Chinese blue and white porcelain has always been a favorite with collectors, but we need to go to the long history of China to find the beginning of blue and white’s popularity. It was as early as the 9th century when the first or, prototype blue and white was fired during the Tang dynasty.
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But we need to fast forward to the early 14th century when the production of fine translucent blue and white porcelain began at the Imperial kilns at Jingdezhen. Jingdezhen was sometimes known as the porcelain capital of China, although at this time and for the following 300 years, it in fact was the porcelain capital of the world, as it was not until the early 18th century that porcelain began to be experimentally made in Saxony.
It was Persia which originally supplied the “Persian blue” to the Chinese porcelain makers; it was, of course, cobalt oxide which put the blue in blue and white! Cobalt was one of the valuable commodities traded along the famous Silk Road and was of such importance to the Chinese that it was traded for bolts of pure silk.
The great European love affair with Chinese blue and white was started by the Portuguese in the 16th century. It was eventually taken over by the Dutch who were the great shippers of Chinese ceramics to the West. The love affair still retains its passion with blue and white still as popular as ever.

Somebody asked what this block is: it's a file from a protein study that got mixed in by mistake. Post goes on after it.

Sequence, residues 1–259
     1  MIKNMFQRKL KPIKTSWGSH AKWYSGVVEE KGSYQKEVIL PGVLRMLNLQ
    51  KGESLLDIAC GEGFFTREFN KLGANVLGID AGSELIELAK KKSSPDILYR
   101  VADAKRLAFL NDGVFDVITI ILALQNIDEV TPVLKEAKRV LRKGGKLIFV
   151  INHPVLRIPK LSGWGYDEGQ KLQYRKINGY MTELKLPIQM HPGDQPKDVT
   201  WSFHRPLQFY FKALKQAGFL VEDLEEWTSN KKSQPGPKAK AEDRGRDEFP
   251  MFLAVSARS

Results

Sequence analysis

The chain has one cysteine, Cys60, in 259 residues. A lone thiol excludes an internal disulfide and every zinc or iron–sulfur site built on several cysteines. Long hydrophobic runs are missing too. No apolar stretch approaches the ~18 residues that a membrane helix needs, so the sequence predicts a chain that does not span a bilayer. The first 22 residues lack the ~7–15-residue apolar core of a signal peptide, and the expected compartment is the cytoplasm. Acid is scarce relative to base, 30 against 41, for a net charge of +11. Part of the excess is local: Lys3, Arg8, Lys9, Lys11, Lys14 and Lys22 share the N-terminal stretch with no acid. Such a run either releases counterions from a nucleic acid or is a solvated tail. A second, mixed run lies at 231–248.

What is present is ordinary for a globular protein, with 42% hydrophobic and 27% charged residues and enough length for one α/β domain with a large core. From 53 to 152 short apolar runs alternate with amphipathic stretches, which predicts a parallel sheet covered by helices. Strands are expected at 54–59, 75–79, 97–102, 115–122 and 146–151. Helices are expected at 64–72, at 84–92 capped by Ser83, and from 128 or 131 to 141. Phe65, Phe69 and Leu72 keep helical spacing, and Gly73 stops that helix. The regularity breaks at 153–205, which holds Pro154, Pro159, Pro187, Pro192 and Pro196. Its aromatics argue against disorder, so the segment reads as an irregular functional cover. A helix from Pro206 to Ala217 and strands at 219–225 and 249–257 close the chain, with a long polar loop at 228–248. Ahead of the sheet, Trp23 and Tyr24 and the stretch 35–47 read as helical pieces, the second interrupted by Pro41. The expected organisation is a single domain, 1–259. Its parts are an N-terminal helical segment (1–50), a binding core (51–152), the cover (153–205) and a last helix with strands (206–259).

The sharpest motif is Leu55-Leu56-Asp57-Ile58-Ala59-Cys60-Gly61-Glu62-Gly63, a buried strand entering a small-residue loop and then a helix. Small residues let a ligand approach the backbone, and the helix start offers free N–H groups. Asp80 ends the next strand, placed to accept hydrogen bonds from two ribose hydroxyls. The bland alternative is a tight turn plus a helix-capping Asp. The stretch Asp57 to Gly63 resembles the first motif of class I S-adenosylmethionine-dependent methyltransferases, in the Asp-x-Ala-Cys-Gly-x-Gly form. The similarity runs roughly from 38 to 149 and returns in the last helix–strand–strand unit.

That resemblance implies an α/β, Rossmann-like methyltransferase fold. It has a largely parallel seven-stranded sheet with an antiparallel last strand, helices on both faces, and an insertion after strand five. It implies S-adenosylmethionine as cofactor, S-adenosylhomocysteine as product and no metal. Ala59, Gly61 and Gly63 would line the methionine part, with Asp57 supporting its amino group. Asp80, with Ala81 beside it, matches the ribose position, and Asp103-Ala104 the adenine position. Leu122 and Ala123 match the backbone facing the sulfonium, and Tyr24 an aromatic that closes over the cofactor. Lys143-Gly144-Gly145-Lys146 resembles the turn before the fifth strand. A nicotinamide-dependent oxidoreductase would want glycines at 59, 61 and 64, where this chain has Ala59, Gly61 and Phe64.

The Antique and Vintage Table Lamp Co currently have a choice range of antique, Chinese, blue and white table lamps as single lamps or pairs.
You are invited to visit their web site at www.antiquelampshop.com
Please remember that The Antique & Vintage Table Lamp Co ship lamps, ready wired for the U.S, the U.K and Australia.
© The Antique & Vintage Table Lamp Co 2008
Maurice Robertson, principal of The Antique and Vintage Table Lamp Co , has had a lifetime’s association with antique porcelain and pottery. From an early age he recalls picking up tea cups, looking for the mark on the base, discerning the maker.
His long experience with antique ceramics and glass also includes dealing with leading museums and numerous international private collections.